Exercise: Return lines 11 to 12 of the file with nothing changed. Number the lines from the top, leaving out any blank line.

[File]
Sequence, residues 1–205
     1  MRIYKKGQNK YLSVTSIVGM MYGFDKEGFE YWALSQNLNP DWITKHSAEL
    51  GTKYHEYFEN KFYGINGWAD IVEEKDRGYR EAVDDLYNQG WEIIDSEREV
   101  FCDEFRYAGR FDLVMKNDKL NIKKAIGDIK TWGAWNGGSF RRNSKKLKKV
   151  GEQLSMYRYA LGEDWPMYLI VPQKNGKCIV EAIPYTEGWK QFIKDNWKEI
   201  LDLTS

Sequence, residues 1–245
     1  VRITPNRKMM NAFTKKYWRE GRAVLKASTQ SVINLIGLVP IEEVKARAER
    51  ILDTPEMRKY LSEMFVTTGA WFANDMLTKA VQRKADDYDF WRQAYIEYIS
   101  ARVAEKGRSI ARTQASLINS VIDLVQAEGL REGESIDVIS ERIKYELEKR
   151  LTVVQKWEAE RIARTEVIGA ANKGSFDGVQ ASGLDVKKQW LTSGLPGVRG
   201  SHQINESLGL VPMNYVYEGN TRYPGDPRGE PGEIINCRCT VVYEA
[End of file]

   151  LTVVQKWEAE RIARTEVIGA ANKGSFDGVQ ASGLDVKKQW LTSGLPGVRG
   201  SHQINESLGL VPMNYVYEGN TRYPGDPRGE PGEIINCRCT VVYEA